Small changes can make a big difference

I’ve been thinking a lot about all the things I’ve learned in my career about how to help people live the best possible lives. A lot of what we do in therapy is very individualized, but there are also some changes that improve quality of life for most people.  The trick is to make change in the right way.

Often, people approach change in one of two ways. Either they put off the change, because it seems too daunting and they’re too busy (or tired or overwhelmed or hopeless or stuck) to figure out how to implement it; or they dive in whole heartedly with a big change, but then lose momentum when it seems too hard.

Instead, let me propose this idea.  Make a small change.  Pick something really small you can change, and then, make it even smaller. You want to make this proposed change so easy that it’s almost embarrassed by how small it is.  With something so small, it’s easy to commit to it. 

Then, tell someone.  Ask them to join you in it, or ask them to check in with you about it. Many people love to encourage others to be happier and feel better.  Think of someone in your life who wants good things for you, or who is generally helpful. Then ask them to be your partner or helper.

Lastly, commit to this change for thirty days. Because we’ve picked something so easy and small, hopefully, it will be no big deal to try it for a month. After a month of trying something, you’ll have a really good sense of how it works for you, and if you want to keep it, modify it, or throw it out and try something new. (Caveat: If making a commitment for thirty days makes it too hard, then do it for a week. After a week, you can reassess.)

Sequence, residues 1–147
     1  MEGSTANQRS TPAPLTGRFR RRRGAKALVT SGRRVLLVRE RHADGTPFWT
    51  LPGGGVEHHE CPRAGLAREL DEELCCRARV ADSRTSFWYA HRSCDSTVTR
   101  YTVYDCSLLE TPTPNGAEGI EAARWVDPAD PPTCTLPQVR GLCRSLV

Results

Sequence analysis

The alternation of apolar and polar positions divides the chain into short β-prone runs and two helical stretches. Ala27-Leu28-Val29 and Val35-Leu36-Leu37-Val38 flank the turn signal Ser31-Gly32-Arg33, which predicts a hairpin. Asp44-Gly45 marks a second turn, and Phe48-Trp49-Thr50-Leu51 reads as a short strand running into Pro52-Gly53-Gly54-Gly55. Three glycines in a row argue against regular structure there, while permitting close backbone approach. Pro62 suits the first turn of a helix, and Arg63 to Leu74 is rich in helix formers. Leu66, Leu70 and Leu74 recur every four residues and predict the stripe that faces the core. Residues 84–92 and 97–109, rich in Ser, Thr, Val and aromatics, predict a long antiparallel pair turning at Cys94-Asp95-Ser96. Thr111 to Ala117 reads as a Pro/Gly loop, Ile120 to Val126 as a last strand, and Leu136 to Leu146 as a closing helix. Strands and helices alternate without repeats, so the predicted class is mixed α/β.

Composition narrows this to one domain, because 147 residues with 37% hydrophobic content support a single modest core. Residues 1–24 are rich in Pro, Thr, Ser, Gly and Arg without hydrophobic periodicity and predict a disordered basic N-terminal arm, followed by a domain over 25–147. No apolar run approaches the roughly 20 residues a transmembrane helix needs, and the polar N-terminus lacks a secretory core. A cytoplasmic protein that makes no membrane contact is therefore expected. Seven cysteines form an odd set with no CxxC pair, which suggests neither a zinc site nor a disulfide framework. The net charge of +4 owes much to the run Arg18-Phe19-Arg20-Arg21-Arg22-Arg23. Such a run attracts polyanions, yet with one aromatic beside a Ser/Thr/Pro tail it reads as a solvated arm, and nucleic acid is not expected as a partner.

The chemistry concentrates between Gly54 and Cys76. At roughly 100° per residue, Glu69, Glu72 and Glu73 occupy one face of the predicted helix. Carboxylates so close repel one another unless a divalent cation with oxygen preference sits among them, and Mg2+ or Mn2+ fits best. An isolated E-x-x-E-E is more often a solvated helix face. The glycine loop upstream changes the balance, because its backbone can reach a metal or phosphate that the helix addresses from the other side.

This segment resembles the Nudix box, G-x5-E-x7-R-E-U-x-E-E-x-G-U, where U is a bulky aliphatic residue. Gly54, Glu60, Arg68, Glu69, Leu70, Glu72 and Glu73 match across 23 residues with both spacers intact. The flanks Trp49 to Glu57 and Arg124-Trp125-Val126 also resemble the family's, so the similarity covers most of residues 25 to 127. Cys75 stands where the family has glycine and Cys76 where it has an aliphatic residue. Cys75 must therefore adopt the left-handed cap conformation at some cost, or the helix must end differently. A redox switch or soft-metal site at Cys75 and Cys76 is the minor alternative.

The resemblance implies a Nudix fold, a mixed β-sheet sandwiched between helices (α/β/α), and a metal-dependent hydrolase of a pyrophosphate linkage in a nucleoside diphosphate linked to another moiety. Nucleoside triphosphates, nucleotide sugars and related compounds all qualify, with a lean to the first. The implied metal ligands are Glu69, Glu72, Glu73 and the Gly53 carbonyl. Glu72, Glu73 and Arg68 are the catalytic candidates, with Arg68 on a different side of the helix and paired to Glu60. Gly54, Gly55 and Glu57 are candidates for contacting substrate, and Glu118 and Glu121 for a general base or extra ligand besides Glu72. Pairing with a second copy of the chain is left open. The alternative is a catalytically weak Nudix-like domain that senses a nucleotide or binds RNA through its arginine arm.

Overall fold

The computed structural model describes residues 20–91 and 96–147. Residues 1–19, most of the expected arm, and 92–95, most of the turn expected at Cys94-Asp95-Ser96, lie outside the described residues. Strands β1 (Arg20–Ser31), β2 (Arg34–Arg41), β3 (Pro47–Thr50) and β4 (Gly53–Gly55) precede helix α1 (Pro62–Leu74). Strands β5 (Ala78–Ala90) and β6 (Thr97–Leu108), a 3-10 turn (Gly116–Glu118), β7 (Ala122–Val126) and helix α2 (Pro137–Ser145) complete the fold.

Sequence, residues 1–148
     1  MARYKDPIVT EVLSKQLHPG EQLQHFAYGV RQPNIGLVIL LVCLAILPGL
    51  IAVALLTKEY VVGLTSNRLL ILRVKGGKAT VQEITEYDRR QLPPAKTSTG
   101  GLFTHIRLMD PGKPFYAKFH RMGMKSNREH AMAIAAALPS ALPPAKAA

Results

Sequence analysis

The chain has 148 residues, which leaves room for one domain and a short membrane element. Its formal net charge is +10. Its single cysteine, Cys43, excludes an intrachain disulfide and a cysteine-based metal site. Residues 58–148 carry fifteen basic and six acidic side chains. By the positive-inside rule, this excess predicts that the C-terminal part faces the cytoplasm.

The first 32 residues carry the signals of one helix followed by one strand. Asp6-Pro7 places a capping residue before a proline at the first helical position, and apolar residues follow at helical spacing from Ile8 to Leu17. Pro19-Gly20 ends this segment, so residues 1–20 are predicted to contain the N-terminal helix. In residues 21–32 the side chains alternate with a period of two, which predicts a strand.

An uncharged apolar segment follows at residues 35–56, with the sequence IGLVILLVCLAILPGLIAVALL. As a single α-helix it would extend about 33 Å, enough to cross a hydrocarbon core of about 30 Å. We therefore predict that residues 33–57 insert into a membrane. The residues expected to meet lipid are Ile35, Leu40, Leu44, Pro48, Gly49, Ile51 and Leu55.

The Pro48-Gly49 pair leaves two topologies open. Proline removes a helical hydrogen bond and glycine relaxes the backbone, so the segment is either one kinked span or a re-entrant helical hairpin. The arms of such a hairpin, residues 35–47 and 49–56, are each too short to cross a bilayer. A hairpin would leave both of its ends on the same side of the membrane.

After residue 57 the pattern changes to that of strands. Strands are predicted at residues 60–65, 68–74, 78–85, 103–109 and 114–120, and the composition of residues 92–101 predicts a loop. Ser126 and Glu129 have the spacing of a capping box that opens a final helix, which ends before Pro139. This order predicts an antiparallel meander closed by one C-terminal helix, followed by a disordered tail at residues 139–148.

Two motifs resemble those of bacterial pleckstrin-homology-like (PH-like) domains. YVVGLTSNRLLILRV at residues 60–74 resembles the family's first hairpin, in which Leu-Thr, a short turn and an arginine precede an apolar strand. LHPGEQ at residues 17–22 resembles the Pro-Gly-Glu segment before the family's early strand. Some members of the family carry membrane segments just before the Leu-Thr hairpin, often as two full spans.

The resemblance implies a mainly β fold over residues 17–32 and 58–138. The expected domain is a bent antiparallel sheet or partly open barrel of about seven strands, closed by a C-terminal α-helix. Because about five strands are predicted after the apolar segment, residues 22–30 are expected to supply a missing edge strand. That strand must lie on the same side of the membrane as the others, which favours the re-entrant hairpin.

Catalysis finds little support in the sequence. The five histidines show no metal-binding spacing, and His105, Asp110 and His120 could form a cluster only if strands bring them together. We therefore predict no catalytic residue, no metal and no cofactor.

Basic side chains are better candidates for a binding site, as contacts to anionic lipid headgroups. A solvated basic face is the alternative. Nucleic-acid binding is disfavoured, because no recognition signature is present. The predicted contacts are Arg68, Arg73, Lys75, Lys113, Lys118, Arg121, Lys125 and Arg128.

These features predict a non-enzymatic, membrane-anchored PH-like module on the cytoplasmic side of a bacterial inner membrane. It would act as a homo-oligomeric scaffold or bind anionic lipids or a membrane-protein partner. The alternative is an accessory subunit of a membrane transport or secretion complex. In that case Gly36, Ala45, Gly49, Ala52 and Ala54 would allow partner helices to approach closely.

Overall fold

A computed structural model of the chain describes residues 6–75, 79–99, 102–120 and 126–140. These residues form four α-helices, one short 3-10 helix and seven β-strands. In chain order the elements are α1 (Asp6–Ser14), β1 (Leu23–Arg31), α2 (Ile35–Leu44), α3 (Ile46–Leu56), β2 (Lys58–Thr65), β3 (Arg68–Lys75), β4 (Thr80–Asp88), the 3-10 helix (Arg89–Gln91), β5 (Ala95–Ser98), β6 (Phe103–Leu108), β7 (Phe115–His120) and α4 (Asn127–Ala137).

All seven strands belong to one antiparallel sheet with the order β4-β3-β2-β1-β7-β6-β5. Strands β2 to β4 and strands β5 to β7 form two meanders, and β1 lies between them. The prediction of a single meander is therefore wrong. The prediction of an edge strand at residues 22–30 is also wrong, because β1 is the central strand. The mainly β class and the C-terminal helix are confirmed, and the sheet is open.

Now that I’ve described how to make a change, let me suggest a few changes that I think are helpful for many people.  Maybe one of them will sound like something you want to try. Or maybe one of these will spark an idea of your own.

1) Pick a time to go to sleep every night and commit to it. Ideally, it’s best to go to bed and wake up at the same time each day, but even picking a consistent bedtime makes a huge difference.

2) Sit in quiet reflection (meditation, prayer, breathing) for five minutes at the start or end of your day. 

3) Reflect on five things you are grateful for at the end of your day (I usually recommend doing it as you drift off to sleep). They can be big or small-it can even be gratitude that a difficult day has ended!

4) Spend ten minutes walking outside every day. While exercise is certainly useful in numerous ways, research suggests that doing so in a natural surrounding improves pleasure, vitality, and self-esteem, and decreases fatigue, tension and depression. 

5) Start each meeting with your own version of a three breath practice (originally learned from Chade Meng-Tan, Google’s Chief Happiness Officer). With the first breath, just notice how the breath feels. With the second breath, find something you can relax in your body. With the third breath, open to the possibility of joy (whatever that means to you).  You can modify this to suit your needs. Or even just take three quiet breaths before each meeting.  

So pick one of these changes to make, or pick one of your own.  Make it something easy, that you’re kind of excited to try.  I’ve found that as people begin to feel a little bit better, they have more energy to add more changes.  So don’t worry if your change seems small–each change makes it that much easier to make the next change.

I’d love to hear what small changes you’ve decided to make, and how it works out for you!